BI’s Article search uses Boolean search capabilities. If you are not familiar with these principles, here are some quick tips.
To search specifically for more than one word, put the search term in quotation marks. For example, “workers compensation”. This will limit your search to that combination of words.
To search for a combination of terms, use quotations and the & symbol. For example, “hurricane” & “loss”.
A Texas appeals court has ruled that a workers compensation nonsubscriber is not liable for negligence, despite failing to perform a criminal background check on a worker who assaulted another employee.
Ramiro Najera worked at American Rice Inc. in Freeport, Texas, through staffing company Recana Solutions L.L.C., court records show. Mr. Najera and his team were responsible for fumigating packaged rice and picking up garbage and dead pests, among other things,
Recana also placed James Prodoehl, who reported to Mr. Najera, at American Rice, records show.
In June 2012, after the two men had worked together for about three months, Mr. Najera told his team that they would have to work late one day, according to records. Some of the team got upset, and Mr. Prodoehl said he wouldn't stay to work.
In response, Mr. Najera said he would tell the team's leader, records show. Mr. Prodoehl then began hitting Mr. Najera with a hard hat.
According to records, Recana immediately terminated Mr. Prodoehl for fighting. As a Texas nonsubscriber, the company did not carry workers comp insurance at the time of the incident.
Mr. Najera, who sustained injuries to his teeth and shoulder, filed suit against Recana and American Rice. He alleged negligence, gross negligence and respondeat superior, which states that an employer is responsible for its employees' actions in the course of employment.
He and American Rice settled, filing an agreed motion to dismiss American Rice with prejudice, records show.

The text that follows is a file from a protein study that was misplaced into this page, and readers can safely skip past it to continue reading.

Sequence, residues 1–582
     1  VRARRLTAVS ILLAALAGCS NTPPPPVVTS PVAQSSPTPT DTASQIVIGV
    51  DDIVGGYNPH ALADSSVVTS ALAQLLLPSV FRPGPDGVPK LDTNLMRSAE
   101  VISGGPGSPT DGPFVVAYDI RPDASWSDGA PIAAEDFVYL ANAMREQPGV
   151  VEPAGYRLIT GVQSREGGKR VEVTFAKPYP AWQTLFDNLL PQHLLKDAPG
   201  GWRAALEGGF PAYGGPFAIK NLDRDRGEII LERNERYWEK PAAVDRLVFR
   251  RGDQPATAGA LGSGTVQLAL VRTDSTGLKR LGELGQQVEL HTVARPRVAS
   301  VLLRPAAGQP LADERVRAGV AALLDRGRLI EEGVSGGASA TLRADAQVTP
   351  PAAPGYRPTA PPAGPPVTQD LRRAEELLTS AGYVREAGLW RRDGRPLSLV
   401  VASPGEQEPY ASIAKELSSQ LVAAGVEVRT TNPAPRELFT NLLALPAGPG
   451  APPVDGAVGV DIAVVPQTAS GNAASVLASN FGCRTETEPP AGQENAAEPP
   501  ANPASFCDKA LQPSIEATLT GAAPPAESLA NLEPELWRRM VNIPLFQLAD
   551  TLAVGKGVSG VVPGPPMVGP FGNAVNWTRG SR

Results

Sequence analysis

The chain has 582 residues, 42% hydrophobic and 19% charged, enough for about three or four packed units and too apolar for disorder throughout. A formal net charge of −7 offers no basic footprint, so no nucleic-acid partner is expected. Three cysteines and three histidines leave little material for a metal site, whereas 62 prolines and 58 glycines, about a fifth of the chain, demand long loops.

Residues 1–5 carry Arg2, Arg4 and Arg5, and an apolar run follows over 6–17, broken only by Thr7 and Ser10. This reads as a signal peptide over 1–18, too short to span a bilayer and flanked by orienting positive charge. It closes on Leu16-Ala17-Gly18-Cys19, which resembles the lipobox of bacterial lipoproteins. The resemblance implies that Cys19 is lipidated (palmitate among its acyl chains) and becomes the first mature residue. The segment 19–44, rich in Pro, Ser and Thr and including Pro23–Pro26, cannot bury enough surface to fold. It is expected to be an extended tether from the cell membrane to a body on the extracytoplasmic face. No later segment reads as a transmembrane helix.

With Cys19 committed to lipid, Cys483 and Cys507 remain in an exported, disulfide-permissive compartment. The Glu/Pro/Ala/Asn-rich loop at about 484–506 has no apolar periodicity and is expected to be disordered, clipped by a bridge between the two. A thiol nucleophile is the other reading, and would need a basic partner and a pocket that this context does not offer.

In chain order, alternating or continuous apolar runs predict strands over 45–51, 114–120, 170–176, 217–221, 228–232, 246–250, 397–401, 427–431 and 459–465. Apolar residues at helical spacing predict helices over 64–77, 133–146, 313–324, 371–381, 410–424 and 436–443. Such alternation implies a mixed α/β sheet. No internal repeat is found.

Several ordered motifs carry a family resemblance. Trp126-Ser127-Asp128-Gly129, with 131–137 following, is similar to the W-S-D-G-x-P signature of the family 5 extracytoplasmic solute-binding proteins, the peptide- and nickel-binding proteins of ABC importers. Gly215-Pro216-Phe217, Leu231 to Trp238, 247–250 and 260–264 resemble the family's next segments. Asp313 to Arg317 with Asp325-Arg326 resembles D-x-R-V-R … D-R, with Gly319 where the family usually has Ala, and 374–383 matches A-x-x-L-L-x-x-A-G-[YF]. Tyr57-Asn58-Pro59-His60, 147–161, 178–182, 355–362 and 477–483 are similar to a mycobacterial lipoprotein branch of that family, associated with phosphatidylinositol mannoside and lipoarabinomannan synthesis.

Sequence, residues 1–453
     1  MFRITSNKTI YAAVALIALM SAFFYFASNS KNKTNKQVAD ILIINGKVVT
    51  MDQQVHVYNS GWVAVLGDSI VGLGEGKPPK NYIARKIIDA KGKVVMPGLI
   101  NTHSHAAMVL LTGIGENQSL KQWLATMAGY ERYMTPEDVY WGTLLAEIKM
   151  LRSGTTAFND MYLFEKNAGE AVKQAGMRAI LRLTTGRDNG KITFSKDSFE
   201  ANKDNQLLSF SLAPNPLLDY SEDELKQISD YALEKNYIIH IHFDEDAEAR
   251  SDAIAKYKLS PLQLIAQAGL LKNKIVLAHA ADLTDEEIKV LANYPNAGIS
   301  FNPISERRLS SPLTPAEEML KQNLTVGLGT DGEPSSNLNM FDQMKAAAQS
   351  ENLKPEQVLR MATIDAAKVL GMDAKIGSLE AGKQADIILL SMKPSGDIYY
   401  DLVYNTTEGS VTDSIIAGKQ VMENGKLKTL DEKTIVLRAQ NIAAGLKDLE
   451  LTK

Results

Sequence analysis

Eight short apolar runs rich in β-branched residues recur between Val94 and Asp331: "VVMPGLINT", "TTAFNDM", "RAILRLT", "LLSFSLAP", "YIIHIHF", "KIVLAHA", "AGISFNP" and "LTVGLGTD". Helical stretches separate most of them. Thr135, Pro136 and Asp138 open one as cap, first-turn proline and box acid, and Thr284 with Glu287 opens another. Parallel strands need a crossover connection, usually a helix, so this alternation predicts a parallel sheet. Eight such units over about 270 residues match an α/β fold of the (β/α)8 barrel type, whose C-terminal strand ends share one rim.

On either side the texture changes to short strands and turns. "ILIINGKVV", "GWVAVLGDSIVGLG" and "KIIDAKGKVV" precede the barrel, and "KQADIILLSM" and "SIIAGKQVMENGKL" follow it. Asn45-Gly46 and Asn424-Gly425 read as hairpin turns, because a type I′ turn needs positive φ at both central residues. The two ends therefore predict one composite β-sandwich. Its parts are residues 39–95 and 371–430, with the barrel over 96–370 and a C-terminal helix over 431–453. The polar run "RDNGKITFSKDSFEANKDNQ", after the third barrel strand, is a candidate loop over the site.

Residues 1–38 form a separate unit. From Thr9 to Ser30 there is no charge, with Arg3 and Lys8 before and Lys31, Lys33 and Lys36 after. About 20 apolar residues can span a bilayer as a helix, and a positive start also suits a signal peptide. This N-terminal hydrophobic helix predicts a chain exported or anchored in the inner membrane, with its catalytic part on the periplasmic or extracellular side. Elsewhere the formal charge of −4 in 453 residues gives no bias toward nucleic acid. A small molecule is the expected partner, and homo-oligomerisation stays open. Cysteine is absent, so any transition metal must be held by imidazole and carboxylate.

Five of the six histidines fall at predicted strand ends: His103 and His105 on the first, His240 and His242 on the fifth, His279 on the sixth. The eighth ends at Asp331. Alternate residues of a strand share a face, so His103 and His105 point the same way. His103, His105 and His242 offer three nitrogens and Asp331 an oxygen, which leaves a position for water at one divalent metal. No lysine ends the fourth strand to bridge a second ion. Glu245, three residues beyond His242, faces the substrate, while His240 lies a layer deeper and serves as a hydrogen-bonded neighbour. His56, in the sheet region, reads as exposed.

Still, Mr. Najera alleged that Recana had a “duty to hire, supervise, and retain competent and nonviolent employees,” and that the company “breached that duty by failing to check Mr. Prodoehl's criminal history,” records show.
While Mr. Prodoehl indicated that he was not a convicted felon in his application, his criminal record includes misdemeanor convictions for possession of a controlled substance, driving while intoxicated and assault, according to records.
Recana filed a motion for summary judgment, arguing there was no evidence that Mr. Prodoehl assaulted Mr. Najera in the course and scope of his employment. The company also argued there was no evidence that it owed Mr. Najera a duty to conduct a criminal background check on Mr. Prodoehl for the American Rice position, records show.
The 149th District Court in Angleton, Texas, granted Recana's motion for summary judgment without specifying the grounds, according to records. On appeal, Mr. Najera argued the District Court erred in determining no duty was owed to him.
A three-judge panel of the 14th Texas Court of Appeals in Houston on Thursday affirmed the decision by the 149th District.
“To establish a claim for negligent supervision and training, a plaintiff must show that the employer owed a legal duty to supervise and train its employees, the employer breached that duty, and that breach proximately caused his injuries,” the ruling states.
When harm isn't “foreseeable,” there's no duty to conduct a criminal background check, according to the ruling.
As Mr. Prodoehl's job as a laborer didn't require “special or unique skills or experience, and did not involve circumstances of heightened confrontation or particularly dangerous tools or weapons … this is not a situation that foreseeably created a peculiar risk of harm to others by reason of the employment duties,” the ruling states.